Here is a ghost crater, can you see it?
A ghost crater is a crater buried in lava, with only the crater rim visible. How do they form? Say a regular crater forms by an asteroid/meteor impact at some point. After that, during the time of active volcanism on the Moon, lava eruptions in the area may fill the crater to the brim, leaving behind just the rim. Many such ghost craters have been spotted on the Moon. My favorite is this one where the crater is fully submerged in lava, but the bright ejecta from the impact is still visible!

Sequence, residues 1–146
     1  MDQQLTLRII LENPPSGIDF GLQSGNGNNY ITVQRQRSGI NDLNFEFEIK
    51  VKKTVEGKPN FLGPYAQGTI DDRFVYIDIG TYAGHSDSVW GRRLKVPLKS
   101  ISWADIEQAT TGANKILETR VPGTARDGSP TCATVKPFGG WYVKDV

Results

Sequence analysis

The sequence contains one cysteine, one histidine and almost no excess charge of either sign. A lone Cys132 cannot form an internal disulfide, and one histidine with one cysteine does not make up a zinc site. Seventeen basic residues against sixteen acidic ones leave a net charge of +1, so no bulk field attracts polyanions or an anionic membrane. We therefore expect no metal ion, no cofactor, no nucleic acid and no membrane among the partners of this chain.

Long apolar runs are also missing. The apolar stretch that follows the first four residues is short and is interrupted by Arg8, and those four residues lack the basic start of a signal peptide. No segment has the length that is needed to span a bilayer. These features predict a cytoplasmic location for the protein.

Long-time Moon Monday readers will get reminded of the previously covered Lunar Kipuka, which is a similar feature. One of the ways scientists know these ghost craters really are craters is by imaging them from orbit at low-sun angles. Their rim, if it is a crater, casts a long shadow in such cases and makes its nature apparent.
More complex ghost craters have been observed on Mercury from past missions, decorated with graben and ridges! Fascinating stuff.